TTh 11:00 a.m.-12:15 p.m.
The Making of Modern Ireland
This course offers a chronological survey of Ireland and the Irish from the Act of Union with Great Britain to the present day. It will consider the social, political, religious, gendered, cultural and economic aspects of that history, and will place the island of Ireland within its wider contexts, as part of the United Kingdom, as part of Europe, as part of the British Empire, and as the source of the global Irish Diaspora. The course will focus on a number of central issues, including: how enduring sectarian divisions have influenced the development of Irish history; the Famine, mass emigration, and the rise of the Diaspora; the development and course of both Ulster and Southern unionism, and of Irish nationalism; the relationship of Ireland and the Irish to the British Empire and the wider Anglo-world; the Irish revolution, counter-revolution, and partition; the development of the Irish Free State, and Republic of Ireland; the history of Northern Ireland, the Troubles, and the peace process; the collapse of the “Celtic Tiger”.
TTh 9:30-10:45 a.m.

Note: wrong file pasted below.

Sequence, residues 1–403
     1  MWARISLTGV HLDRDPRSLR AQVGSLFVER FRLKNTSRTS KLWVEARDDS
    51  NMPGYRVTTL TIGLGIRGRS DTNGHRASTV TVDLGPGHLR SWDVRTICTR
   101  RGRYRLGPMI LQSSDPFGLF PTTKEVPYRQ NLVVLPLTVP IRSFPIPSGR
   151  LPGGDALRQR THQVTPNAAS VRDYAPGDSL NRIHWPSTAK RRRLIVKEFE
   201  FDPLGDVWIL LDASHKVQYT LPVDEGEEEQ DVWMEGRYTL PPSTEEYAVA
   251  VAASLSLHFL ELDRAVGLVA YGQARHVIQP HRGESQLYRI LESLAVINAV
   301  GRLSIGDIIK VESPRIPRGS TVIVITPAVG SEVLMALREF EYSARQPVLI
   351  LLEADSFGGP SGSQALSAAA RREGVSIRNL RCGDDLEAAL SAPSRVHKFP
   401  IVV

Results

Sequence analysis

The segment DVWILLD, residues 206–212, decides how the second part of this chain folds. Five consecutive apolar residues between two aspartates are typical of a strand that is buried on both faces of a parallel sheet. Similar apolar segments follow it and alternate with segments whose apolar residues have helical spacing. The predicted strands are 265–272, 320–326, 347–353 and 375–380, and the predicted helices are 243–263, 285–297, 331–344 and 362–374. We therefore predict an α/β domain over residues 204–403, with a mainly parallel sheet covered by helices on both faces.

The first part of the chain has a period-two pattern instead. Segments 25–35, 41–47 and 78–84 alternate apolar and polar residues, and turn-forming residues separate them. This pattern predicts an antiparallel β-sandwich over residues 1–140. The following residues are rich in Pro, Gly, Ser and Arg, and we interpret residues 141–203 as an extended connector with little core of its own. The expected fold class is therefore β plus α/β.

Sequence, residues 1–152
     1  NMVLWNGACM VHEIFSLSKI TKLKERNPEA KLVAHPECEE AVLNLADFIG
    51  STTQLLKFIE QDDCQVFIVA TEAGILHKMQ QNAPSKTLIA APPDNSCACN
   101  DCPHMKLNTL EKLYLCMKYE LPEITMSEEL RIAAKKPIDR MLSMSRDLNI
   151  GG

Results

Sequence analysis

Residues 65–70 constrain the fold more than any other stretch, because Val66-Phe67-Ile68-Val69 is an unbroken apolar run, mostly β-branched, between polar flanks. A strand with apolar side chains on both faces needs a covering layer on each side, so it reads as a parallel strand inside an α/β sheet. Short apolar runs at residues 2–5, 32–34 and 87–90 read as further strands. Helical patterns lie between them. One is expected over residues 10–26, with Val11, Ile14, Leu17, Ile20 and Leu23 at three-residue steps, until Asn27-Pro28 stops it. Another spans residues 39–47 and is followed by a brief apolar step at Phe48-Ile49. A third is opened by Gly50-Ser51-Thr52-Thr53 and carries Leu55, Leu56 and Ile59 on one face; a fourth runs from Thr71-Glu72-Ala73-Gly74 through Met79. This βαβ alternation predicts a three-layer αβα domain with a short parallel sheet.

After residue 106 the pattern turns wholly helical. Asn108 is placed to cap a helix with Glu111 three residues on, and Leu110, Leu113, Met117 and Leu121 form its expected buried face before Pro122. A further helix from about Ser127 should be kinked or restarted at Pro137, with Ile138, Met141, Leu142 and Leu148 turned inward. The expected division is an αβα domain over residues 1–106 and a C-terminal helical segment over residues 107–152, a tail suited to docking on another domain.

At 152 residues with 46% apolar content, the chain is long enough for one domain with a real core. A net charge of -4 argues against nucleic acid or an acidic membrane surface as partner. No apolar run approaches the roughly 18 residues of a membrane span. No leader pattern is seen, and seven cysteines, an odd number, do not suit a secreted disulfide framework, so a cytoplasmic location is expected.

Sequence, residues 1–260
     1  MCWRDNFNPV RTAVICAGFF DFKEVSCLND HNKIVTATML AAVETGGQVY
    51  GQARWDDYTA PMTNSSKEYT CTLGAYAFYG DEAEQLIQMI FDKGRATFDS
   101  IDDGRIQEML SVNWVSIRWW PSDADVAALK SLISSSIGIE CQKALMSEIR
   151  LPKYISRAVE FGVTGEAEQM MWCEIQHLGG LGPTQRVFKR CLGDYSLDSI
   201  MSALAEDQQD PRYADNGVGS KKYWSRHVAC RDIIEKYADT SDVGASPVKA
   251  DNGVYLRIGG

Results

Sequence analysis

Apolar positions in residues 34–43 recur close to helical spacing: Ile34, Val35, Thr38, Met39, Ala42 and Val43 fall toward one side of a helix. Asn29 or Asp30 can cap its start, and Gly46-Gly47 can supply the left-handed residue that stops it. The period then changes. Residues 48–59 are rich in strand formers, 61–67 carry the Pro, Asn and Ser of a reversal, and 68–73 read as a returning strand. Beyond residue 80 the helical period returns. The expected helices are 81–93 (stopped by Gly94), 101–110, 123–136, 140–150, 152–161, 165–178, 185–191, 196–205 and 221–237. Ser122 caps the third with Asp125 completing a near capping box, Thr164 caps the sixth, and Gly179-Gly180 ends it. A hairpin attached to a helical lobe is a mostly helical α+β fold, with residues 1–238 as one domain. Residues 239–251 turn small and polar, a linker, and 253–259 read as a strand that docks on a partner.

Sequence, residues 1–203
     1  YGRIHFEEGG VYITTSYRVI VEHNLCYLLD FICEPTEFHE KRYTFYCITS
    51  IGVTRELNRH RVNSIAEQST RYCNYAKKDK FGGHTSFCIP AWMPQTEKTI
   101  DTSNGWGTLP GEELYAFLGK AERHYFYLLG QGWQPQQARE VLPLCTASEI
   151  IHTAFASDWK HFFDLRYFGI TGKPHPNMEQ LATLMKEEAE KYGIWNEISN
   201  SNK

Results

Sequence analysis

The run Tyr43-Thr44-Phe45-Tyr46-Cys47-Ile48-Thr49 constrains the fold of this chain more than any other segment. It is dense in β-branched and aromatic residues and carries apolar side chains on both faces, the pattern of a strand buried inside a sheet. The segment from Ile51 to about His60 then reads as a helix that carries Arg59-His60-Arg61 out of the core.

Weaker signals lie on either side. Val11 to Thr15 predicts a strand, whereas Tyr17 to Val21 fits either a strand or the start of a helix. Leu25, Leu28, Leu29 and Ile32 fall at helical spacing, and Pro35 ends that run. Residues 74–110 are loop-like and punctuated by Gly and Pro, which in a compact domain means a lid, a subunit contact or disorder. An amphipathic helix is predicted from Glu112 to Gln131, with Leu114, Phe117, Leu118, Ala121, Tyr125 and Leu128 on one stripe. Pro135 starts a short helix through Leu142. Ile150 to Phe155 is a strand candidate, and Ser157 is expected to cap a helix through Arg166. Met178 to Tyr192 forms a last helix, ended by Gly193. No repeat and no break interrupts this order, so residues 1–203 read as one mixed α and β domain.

The Crusades were a unique period in both human history and in Catholic history and theology. The period began when, in AD 1095, the Roman (Byzantine) Emperor Alexius Comnenus sent emissaries to Pope Urban II, asking for succor from Latin Christendom in order to repel the Muslim invaders who were overrunning his empire. Pope Urban II did not merely comply with this request, but transformed it into a much broader call to restore to Christendom the lands of Christianity’s origin in Syria, including the city of Jerusalem, which had been conquered by the Muslims more than four hundred years previously. In issuing his call, Pope Urban also inspired and unleashed an outpouring of religious fervor– and bloodshed– unique in the annals of Christian history, which lasted for centuries. During this time Christians, ranging from great saints, popes– including three beatified ones– and even a Doctor of the Church and a Confessor, to lords, knights, and peasants, considered the military Crusade in the Holy Land to be their best path to salvation and highest religious goal on earth. The Crusades also produced the first sustained, large-scale contact between Latin Christendom and the Islamic World in the Middle East, permanently changing the political landscape of the Mediterranean. This course will examine the historical and religious unfolding of this extraordinary movement, from the initial call to Crusade and the overwhelming response it aroused among Christians across Europe through the fall of Acre in 1291, including the Muslim reaction to and views of the Crusaders. Issues that will be explored include the preaching of popes, priests, saints and legates on behalf of the Crusade, and what these writings reveal about the place of the Crusades in Christian doctrine in the twelfth and thirteenth centuries; the rise of military monastic orders (The Templars, the Knights of St. John, the Teutonic Knights); relations between Church and secular authorities in both the Crusading armies and the Crusader kingdoms; the conflict between the popes and the Holy Roman Emperors, and how this affected the various Crusades; how Muslims and Franks viewed one another; and how Frankish society was organized overseas.